The student accommodation market has seen a proliferation of purpose-built and re-purposed private halls developments over recent years, aiming to offer
students an attractive accommodation option outside of the traditional choice between university-owned halls and privately rented houses and flats.
The focus of the research has been on Private Halls’ average rents, both at national and regional level, and how these have changed compared to previous
years. The average rent value (ARV) for all private halls developments for 2015 (excluding London) is £138.79 per week, up by £9.77 from last year. London
remains the most expensive area from this point of view (ARV is £278.07 per week) and is closely followed by other cities in southern England.
These observations are aligned with an increase in the demand of private halls’ rooms and quality of services. This is also reflected in the increase in
the number of rooms available offered for the 2015/2016 academic year compared to the previous year.
Private Halls vs. ‘Traditional’ Accommodation
When compared to other accommodation choices, Private Halls’ ARV is 72% (i.e. on average £59.85) higher than that of traditional student digs. The weekly
rent students should expect to pay for accommodation in traditional digs is £82, the ARV in Private Halls is around £140 per week. In London the average
rents in private halls of residence are more than double more traditional forms of private accommodation (£278 for halls, comparted to £122). Furthermore,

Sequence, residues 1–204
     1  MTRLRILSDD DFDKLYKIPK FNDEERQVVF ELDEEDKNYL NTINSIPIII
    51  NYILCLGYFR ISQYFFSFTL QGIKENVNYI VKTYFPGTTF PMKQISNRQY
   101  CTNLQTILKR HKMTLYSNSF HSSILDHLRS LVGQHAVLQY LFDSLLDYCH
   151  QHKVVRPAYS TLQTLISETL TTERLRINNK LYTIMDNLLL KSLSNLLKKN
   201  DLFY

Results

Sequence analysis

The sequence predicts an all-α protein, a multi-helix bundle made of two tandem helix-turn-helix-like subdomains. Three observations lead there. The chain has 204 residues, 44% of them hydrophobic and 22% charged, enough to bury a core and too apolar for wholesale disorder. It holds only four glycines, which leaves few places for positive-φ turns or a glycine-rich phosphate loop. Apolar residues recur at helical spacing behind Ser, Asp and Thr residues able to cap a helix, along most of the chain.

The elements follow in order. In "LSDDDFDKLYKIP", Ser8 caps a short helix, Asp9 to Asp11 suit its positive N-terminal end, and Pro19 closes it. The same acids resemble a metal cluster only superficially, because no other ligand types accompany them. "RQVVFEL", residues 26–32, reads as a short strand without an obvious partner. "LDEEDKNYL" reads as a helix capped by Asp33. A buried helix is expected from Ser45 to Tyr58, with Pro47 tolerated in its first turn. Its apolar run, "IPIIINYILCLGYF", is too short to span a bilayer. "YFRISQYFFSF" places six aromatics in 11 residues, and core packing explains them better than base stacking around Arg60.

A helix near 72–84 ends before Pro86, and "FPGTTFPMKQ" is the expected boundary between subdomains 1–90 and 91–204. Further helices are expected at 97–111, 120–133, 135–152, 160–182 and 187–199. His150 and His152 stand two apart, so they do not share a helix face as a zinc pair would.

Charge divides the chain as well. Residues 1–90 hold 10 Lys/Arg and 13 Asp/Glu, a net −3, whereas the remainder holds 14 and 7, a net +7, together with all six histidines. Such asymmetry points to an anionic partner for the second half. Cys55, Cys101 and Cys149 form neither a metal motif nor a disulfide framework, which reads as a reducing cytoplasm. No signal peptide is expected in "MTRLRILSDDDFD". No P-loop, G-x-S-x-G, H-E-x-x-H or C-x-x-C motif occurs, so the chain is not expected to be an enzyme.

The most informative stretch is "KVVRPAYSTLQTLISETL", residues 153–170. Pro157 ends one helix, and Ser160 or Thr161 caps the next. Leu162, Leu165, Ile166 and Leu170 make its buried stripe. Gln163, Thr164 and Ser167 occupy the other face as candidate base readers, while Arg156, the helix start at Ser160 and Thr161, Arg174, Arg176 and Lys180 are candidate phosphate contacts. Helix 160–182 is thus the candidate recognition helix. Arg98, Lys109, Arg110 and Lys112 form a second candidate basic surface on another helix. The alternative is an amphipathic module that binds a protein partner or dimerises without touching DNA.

the difference can amount to and above £130 per week in cities such as Reading and Kingston, where the percentage differentials in ARVs is above 120%.
Data from our most recent Landlord Report (Autumn 2015/2016) suggests that around 85% of the respondent landlords and letting Agencies have reported
increasing rents overall for the 2015/2016 academic year, but for the majority of these (93.6%), the raise in rents has been less than 10%.
In Private Halls, the majority of cities have experienced an increase of at least 5%. However certain cities such as Reading, Sunderland, Salford,
Sheffield, Cardiff, Aberdeen, and Leicester have experienced raises in ARVs of above 20%.
Why students choose private halls?
In May 2015, AFS launched a major study into the main motivations for choosing to live in Private Halls of residence. A copy of this report is available by
request, by emailing firstname.lastname@example.org.
It is interesting to note that the majority of students choosing private halls were aware of the price differential, but were generally prepared to accept
that difference, believing that halls provided value for money and high satisfaction levels. The main factor behind students choosing private halls was the
quality of the location as well as the simplicity of having all bills included within the rent.
The Private Halls Rent Report is available online at http://bit.ly/1HExQhG and you can access the landlord reports here http://bit.ly/1OkIKAU (overview) and here http://bit.ly/1M3Chqt (rents)